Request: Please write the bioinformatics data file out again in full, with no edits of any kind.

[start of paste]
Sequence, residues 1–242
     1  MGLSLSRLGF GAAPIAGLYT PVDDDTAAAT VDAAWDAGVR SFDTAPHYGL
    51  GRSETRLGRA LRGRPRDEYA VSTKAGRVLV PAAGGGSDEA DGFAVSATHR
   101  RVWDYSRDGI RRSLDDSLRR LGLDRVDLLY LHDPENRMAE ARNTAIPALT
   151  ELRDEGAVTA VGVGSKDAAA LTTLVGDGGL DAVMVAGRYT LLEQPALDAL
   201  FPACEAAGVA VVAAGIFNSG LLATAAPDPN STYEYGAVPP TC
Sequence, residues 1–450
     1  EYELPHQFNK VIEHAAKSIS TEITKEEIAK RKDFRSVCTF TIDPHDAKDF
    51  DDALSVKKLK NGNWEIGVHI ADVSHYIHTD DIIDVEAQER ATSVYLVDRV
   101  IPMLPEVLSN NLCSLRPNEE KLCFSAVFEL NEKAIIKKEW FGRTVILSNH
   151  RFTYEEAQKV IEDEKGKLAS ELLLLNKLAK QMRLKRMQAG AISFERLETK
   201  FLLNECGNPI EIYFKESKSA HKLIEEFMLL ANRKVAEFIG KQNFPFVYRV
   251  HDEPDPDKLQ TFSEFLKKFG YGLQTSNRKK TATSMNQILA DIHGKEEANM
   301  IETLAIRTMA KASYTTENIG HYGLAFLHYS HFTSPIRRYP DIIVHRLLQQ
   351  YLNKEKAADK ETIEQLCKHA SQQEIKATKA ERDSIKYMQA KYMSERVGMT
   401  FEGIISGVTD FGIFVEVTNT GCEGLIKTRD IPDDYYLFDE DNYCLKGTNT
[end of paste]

Sequence, residues 1–242
     1  MGLSLSRLGF GAAPIAGLYT PVDDDTAAAT VDAAWDAGVR SFDTAPHYGL
    51  GRSETRLGRA LRGRPRDEYA VSTKAGRVLV PAAGGGSDEA DGFAVSATHR
   101  RVWDYSRDGI RRSLDDSLRR LGLDRVDLLY LHDPENRMAE ARNTAIPALT
   151  ELRDEGAVTA VGVGSKDAAA LTTLVGDGGL DAVMVAGRYT LLEQPALDAL
   201  FPACEAAGVA VVAAGIFNSG LLATAAPDPN STYEYGAVPP TC
Sequence, residues 1–450
     1  EYELPHQFNK VIEHAAKSIS TEITKEEIAK RKDFRSVCTF TIDPHDAKDF
    51  DDALSVKKLK NGNWEIGVHI ADVSHYIHTD DIIDVEAQER ATSVYLVDRV
   101  IPMLPEVLSN NLCSLRPNEE KLCFSAVFEL NEKAIIKKEW FGRTVILSNH
   151  RFTYEEAQKV IEDEKGKLAS ELLLLNKLAK QMRLKRMQAG AISFERLETK
   201  FLLNECGNPI EIYFKESKSA HKLIEEFMLL ANRKVAEFIG KQNFPFVYRV
   251  HDEPDPDKLQ TFSEFLKKFG YGLQTSNRKK TATSMNQILA DIHGKEEANM
   301  IETLAIRTMA KASYTTENIG HYGLAFLHYS HFTSPIRRYP DIIVHRLLQQ
   351  YLNKEKAADK ETIEQLCKHA SQQEIKATKA ERDSIKYMQA KYMSERVGMT
   401  FEGIISGVTD FGIFVEVTNT GCEGLIKTRD IPDDYYLFDE DNYCLKGTNT